Well, our girl wasn’t your average shoplifter. She would steal stuff that was nailed down and steal the nails, too. So her honesty was certainly in question. But when she gave up Nathaniel Williams, she was right on the money about everything.
We surprised Williams at the office of his parole officer one morning in Atlanta and extradited him back. Thanks to his angry ex and a couple of other witnesses we tracked down, we convicted him on a crime he had eluded for 17 years and got him sentenced to 30 years in prison.
Clearing Difficult Cases
In another case, a young man asked to meet us at a restaurant. He said he could give us everything on the Abraham murders, and we would be able to arrest everyone involved. We all doubted it.
The Abraham case had happened nine years before. It was the triple murder of three innocent elderly people a week before Christmas. One of the victims was the wife of prominent Miami businessman Anthony Abraham who owned a big car dealership.
Everybody knew Anthony Abraham, and the case was as high-profile as they come. The assigned squad worked hundreds upon hundreds of leads and got nowhere. It was kind of like we were in the red zone on this case and we just couldn’t find a way to push the ball over the goal line. We’d tried everything we could think of on this case, so we were skeptical that a tip from a guy we met at a restaurant would help us put the ball in the end zone, especially not nine years after the bodies were discovered. Still, we met with the informant.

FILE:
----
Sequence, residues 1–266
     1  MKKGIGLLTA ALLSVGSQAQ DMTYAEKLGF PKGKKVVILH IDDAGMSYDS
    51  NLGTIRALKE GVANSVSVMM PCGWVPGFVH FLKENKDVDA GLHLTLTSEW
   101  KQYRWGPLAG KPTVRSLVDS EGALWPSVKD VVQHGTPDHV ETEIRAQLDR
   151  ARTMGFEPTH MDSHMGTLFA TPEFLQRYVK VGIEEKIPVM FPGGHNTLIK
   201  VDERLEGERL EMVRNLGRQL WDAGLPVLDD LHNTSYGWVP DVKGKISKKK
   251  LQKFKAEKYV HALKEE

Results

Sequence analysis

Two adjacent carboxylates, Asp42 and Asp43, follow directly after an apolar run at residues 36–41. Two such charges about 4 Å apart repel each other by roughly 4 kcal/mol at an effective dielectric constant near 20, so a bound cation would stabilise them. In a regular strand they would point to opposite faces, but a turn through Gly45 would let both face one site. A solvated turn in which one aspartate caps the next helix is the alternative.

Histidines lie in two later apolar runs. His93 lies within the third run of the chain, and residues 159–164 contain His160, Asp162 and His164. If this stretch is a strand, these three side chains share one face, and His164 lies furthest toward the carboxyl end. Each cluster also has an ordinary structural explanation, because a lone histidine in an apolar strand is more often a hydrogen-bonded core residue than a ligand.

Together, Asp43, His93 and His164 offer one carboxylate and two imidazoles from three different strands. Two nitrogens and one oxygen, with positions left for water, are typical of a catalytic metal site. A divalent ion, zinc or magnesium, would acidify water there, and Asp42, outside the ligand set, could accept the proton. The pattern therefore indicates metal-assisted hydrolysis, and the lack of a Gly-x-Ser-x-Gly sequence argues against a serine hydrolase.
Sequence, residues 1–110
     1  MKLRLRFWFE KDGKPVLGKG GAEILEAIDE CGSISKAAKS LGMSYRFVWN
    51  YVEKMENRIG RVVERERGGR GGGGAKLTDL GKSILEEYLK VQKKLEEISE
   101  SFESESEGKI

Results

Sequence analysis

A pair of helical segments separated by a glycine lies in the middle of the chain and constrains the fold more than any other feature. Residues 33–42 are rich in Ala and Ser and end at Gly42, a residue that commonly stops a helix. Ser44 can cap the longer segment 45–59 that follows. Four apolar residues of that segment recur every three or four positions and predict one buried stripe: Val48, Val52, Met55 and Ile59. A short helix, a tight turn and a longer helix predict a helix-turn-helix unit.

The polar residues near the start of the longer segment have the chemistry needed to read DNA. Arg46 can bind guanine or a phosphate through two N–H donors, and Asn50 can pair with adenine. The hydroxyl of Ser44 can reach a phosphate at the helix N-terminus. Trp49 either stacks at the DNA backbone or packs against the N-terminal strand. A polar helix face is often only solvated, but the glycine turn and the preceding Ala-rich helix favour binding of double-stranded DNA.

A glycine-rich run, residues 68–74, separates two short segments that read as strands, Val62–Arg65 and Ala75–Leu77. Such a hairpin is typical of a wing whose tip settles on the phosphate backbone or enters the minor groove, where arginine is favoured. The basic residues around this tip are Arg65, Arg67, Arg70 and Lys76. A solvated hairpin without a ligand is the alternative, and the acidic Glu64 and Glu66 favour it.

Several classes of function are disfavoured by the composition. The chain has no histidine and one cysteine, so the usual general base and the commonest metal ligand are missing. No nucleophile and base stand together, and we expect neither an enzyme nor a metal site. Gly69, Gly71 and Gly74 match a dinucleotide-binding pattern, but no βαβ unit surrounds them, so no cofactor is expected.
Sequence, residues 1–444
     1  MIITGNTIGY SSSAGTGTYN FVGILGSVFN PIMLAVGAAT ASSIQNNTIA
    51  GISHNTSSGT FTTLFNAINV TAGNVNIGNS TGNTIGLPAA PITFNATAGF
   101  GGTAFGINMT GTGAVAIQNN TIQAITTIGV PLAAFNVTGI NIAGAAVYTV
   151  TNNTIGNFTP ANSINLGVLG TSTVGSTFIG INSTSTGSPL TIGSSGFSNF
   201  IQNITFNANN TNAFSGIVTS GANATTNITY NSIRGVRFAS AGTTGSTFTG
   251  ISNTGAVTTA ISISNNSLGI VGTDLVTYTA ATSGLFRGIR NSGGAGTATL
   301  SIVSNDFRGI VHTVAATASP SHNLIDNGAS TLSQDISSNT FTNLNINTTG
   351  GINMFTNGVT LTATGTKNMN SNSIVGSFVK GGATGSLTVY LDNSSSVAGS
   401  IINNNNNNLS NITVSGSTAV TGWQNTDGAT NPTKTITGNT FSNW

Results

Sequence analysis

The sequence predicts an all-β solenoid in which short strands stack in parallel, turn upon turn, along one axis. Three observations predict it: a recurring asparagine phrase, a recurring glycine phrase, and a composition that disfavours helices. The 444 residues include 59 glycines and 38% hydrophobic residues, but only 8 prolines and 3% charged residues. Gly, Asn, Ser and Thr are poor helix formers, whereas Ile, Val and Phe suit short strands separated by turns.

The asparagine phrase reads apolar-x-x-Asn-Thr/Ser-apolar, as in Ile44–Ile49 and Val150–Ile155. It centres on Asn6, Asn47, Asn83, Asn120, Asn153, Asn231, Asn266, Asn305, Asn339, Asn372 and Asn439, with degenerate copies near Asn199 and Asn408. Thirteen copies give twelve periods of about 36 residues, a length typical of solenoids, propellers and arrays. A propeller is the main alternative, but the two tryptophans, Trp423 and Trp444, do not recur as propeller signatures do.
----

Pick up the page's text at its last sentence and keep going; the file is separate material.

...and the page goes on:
And we were glad we did. He handed us the killer on a silver platter.
Once a Detective
Sometimes our leads come from detectives who have rotated out of Homicide but keep mulling some of their cases. That’s what happened a while back when a former detective who had long since left the unit called just to catch up.
Detectives from Miami-Dade PD’s Cold Case Squad present a plaque to retiring detective and former Marine Al Singleton. (Left to Right) Sara Times, Greg Smith, Singleton, Ramesh Nyberg, and Terry Goldston.
“Hey,” he said, “if you get time you should take a look at that Vincent Ferrari case. We were always close, and maybe a fresh effort could get it closed.”
The subject in that case had been known from the beginning, but no one would testify against him. So he was never put in handcuffs.
But the hunch of a former homicide cop is nothing to dismiss. So we dug into the case. We made plans to revisit the witnesses, but first we ran a new background on our subject, just to see where he was these days. We found that he had been arrested in a small town in Wyoming not long ago.
This new bit of information made us ask one key question: What on earth was a guy born and raised in Miami doing in Wyoming 13 years after he was the prime suspect in a murder? We decided to go to Wyoming and find out.
It turned out that one of his old Miami buddies had found a job out there and invited our suspect to come on up. And then our suspect promptly got himself busted. We met with the local police department and got the names of all of his street associates from his arrest records. We even got the names of a couple of ex-girlfriends. Then we interviewed them all.